scheme which is secure against any computationally unbounded adversary
as long as the total amount of information retrieved by the adversary
is somewhat less than the length of the shares, and the adversary
makes at most k - 1 corruption rounds (as described above, where k
rounds are necessary for reconstruction). We extend our basic scheme
in several ways in order to allow the shares sent by the dealer to be
short (the players then blow them up locally) and to handle even
stronger adversaries who can learn some of the shares completely.
As mentioned, there is an obvious connection between IRSS schemes and
the fact that there exist functions with an exponential gap in their
communication complexity for k and k - 1 rounds. Our scheme implies
such a separation which is in several aspects stronger than the
previously known ones.

2005

EPRINT

Intrusion-Resilience via the Bounded-Storage Model
Abstract

We introduce a new method of achieving intrusion-resilience in the cryptographic protocols. More precisely we show how to preserve security of such protocols, even if a malicious program (e.g. a virus) was installed on a computer of an honest user (and it was later removed). The security of our protocols relies on the assumption that the amount of data that the adversary can transfer from the infected machine is limited (however, we allow the adversary to perform any efficient computation on user's private data, before deciding on what to transfer). We focus on two cryptographic tasks, namely: authenticated key exchange and entity authentication. Our method is based on the results from the Bounded-Storage Model.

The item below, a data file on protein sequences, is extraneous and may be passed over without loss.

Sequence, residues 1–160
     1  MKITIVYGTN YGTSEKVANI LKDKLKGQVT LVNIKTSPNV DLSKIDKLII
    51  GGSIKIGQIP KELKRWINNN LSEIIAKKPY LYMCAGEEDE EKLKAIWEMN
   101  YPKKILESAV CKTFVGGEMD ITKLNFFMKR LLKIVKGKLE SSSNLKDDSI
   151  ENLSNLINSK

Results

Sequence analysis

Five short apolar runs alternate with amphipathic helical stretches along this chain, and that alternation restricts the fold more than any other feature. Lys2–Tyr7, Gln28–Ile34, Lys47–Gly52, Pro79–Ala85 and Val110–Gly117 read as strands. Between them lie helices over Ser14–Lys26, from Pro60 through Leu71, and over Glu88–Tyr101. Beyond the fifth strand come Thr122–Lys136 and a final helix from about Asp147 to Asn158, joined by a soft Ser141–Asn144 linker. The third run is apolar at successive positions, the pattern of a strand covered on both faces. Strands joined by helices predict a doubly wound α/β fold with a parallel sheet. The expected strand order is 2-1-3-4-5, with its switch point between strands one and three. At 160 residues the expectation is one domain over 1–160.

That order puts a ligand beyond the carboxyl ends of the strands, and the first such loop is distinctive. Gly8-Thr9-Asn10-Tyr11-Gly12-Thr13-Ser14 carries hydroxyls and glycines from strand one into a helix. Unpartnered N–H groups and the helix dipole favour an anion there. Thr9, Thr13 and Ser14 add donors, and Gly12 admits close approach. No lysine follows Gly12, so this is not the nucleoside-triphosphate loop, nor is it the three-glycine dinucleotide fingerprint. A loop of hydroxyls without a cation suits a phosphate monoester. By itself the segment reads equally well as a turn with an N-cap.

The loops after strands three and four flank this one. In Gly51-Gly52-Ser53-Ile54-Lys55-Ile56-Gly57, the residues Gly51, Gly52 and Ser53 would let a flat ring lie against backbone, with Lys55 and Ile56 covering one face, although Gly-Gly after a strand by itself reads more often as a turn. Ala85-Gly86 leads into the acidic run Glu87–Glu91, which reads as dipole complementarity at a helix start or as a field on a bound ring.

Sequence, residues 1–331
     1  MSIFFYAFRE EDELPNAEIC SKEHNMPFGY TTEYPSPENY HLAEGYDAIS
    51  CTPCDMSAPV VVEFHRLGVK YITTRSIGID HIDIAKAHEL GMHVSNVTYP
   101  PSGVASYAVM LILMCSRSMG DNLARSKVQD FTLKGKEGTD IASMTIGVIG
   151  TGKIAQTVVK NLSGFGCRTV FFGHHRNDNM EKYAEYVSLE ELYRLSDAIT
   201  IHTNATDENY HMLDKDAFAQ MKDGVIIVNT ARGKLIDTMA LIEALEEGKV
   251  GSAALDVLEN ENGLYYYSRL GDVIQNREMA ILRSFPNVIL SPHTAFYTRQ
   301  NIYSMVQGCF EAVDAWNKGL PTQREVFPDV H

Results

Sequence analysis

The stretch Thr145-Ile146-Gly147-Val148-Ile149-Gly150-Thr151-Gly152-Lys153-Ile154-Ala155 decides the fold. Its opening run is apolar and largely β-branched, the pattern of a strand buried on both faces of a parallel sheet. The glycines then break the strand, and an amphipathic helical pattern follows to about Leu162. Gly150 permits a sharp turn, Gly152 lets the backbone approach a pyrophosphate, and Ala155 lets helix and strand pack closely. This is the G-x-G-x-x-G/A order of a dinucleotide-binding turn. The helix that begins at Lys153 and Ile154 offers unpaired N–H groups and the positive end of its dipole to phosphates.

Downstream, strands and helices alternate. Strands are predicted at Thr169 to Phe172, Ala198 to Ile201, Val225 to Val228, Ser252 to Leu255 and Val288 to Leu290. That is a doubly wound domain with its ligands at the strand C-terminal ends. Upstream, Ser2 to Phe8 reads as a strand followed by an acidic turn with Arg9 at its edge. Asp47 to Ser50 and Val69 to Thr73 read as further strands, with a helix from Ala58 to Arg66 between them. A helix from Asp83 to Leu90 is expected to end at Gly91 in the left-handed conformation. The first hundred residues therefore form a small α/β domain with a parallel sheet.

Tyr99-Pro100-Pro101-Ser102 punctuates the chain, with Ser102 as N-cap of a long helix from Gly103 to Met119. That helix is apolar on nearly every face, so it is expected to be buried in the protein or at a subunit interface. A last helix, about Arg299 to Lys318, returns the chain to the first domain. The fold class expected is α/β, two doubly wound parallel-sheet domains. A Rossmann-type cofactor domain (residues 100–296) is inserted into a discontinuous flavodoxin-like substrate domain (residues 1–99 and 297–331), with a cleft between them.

2001

EPRINT